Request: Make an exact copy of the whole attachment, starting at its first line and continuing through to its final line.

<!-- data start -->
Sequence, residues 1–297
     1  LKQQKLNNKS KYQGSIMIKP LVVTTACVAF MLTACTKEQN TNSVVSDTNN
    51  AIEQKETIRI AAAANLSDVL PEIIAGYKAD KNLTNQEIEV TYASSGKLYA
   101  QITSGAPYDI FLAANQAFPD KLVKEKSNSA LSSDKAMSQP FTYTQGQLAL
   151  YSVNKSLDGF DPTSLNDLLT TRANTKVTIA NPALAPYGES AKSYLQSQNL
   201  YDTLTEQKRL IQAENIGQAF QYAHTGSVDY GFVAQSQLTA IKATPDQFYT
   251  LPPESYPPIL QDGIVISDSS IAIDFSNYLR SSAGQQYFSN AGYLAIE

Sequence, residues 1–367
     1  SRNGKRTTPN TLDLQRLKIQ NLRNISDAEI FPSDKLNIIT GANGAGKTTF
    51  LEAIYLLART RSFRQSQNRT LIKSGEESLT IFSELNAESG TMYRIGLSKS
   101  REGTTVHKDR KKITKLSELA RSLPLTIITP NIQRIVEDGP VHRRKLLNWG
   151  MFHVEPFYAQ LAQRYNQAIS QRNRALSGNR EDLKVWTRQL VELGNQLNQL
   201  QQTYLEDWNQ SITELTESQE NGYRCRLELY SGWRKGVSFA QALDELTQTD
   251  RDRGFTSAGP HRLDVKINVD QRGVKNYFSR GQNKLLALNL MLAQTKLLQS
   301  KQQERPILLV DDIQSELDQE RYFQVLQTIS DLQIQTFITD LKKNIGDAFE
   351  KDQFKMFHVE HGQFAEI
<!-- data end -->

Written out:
Sequence, residues 1–297
     1  LKQQKLNNKS KYQGSIMIKP LVVTTACVAF MLTACTKEQN TNSVVSDTNN
    51  AIEQKETIRI AAAANLSDVL PEIIAGYKAD KNLTNQEIEV TYASSGKLYA
   101  QITSGAPYDI FLAANQAFPD KLVKEKSNSA LSSDKAMSQP FTYTQGQLAL
   151  YSVNKSLDGF DPTSLNDLLT TRANTKVTIA NPALAPYGES AKSYLQSQNL
   201  YDTLTEQKRL IQAENIGQAF QYAHTGSVDY GFVAQSQLTA IKATPDQFYT
   251  LPPESYPPIL QDGIVISDSS IAIDFSNYLR SSAGQQYFSN AGYLAIE

Sequence, residues 1–367
     1  SRNGKRTTPN TLDLQRLKIQ NLRNISDAEI FPSDKLNIIT GANGAGKTTF
    51  LEAIYLLART RSFRQSQNRT LIKSGEESLT IFSELNAESG TMYRIGLSKS
   101  REGTTVHKDR KKITKLSELA RSLPLTIITP NIQRIVEDGP VHRRKLLNWG
   151  MFHVEPFYAQ LAQRYNQAIS QRNRALSGNR EDLKVWTRQL VELGNQLNQL
   201  QQTYLEDWNQ SITELTESQE NGYRCRLELY SGWRKGVSFA QALDELTQTD
   251  RDRGFTSAGP HRLDVKINVD QRGVKNYFSR GQNKLLALNL MLAQTKLLQS
   301  KQQERPILLV DDIQSELDQE RYFQVLQTIS DLQIQTFITD LKKNIGDAFE
   351  KDQFKMFHVE HGQFAEI